This Book Is Not for You!
Stanley’s enthusiasm for Bookmobile Day is quickly slayed when the substitute librarian embarrasses him because the book he wants to read is about a girl. The stage is set for New York Times bestselling author Shannon Hale’s This Book Is Not For You! with themes of letting children choose what they want to read including books outside of their own experience. With drama beyond absurd, Stanley is discouraged from his book choices as a grumpy geriatric librarian suggests he only pick a book meant for a boy.
As the story unfolds, however, what starts out as humorous ends up being over-the-top ridiculous. And while this absurdity is meant to illustrate a kind of censorship, it becomes a maddening distraction while also depicting the librarian as a mean and narrow-minded stereotype of an older person. Stanley reaches for a book, “but the old man pulled it back. No, I didn’t mean for you, young man. Then for who? Stanley looked behind him. A tabby cat was padding up to the bookmobile.” The cat could have a book about cats. A robot could have a book about robots. And Stanley had to choose a book with a boy main character.
Stanley ends up with a book selected by the out-of-touch librarian (who is simply not believable as a modern-day character). Clearly not what he would have chosen for himself, he settles under a tree with his friend Valeria, who is reading the book Stanley originally wanted, along with the cat, robot, and various other animals that fancy reading. Thankfully, the kids decide to trade books, and they immediately get lost in the enjoyment of the stories they selected.
Cartoon-like illustrations done in ink, watercolor, pastel, and colored pencil by Tracy Subisak are fun and engaging and add a graphic novel touch to the book. The turning point of the story, when an allosaurus visits the bookmobile is particularly hilarious. “Good afternoon. I would like to check out a book about ponies!” The obtuse and scared librarian isn’t sure what to do, “B-B-But . . . But only ponies can read about ponies.” With the help of a dinosaur who chooses a book not about dinosaurs, Stanley gathers the courage he needs, “This book [with a girl main character] sounds interesting so I would like to check it out.”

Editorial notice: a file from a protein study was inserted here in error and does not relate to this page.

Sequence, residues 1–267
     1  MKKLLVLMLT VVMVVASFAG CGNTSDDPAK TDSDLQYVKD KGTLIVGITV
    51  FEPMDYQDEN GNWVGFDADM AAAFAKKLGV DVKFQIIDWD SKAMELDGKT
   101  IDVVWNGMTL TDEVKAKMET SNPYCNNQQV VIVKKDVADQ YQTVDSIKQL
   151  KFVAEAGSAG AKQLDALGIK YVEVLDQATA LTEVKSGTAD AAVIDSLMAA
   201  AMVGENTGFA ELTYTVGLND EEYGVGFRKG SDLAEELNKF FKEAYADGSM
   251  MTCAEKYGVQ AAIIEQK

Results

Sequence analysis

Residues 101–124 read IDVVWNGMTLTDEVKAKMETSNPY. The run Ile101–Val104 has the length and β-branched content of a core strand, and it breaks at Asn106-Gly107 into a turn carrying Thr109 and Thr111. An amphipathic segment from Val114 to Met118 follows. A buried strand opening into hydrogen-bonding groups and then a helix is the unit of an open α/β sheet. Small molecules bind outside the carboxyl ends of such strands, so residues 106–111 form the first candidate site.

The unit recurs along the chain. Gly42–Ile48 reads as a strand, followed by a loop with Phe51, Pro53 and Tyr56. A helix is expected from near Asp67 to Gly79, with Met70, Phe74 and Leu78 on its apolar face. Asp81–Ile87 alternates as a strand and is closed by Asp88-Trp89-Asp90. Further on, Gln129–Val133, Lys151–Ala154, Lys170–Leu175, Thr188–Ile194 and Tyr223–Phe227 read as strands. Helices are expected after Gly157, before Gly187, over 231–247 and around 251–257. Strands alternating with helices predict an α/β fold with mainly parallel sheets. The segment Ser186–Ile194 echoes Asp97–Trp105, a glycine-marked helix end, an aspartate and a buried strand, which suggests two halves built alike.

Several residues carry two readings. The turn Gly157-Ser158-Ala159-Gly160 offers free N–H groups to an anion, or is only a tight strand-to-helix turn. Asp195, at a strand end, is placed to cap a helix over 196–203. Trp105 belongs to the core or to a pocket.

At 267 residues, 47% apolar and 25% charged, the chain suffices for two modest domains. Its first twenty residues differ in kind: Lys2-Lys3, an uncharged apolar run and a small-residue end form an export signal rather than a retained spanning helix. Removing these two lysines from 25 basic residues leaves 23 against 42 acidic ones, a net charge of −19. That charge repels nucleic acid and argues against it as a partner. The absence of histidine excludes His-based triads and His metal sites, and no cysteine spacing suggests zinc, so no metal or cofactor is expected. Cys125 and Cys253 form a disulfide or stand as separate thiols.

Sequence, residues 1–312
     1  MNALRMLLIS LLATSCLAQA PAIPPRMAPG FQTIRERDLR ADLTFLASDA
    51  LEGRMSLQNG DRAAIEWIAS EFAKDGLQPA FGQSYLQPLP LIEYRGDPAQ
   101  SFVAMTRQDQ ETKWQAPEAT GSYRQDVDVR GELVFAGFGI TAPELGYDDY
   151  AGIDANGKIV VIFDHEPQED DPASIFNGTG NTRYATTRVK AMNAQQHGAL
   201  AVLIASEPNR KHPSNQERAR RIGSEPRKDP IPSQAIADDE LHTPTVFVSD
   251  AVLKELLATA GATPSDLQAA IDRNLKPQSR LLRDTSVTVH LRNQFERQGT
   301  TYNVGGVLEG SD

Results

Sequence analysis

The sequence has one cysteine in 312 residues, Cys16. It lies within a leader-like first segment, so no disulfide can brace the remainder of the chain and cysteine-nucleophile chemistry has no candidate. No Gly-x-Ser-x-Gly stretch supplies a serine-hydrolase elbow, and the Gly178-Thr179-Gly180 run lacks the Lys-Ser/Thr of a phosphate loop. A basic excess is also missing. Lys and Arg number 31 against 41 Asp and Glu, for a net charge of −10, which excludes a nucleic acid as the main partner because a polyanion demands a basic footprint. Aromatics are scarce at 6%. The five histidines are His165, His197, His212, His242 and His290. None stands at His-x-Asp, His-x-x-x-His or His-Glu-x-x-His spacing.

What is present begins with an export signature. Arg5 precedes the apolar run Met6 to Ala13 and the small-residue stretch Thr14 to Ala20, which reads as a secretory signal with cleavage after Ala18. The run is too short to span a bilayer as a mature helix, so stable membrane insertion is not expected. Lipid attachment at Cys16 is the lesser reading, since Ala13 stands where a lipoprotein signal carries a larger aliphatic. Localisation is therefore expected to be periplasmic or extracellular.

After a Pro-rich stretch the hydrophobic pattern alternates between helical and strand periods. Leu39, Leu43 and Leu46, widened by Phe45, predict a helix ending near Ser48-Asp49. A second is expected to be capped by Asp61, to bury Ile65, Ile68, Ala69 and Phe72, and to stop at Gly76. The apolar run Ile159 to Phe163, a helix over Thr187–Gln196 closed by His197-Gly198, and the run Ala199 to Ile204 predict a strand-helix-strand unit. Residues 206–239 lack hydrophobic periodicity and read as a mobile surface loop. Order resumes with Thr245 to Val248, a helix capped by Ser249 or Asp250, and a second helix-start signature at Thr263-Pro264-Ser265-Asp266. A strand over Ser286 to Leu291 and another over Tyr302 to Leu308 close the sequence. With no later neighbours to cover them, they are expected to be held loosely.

Now the librarian, with enormous eyebrows that constantly obscure his vision (in more ways than one), sees cats reading books about robots, robots reading about cats, and a dinosaur reading about ponies. He agrees to let Stanley finally choose his own book, and he ultimately joins the reading menagerie with a book of his own—about goats. Perfectly suited perhaps for an old goat (who warms up in the end).
While the intention of This Book Is Not For You! is admirable in trying to show the harm in enforcing a read-in-your-own-lane mindset, the execution suffers from unrealities that would frustrate most savvy child readers. The absurdities are just too absurd.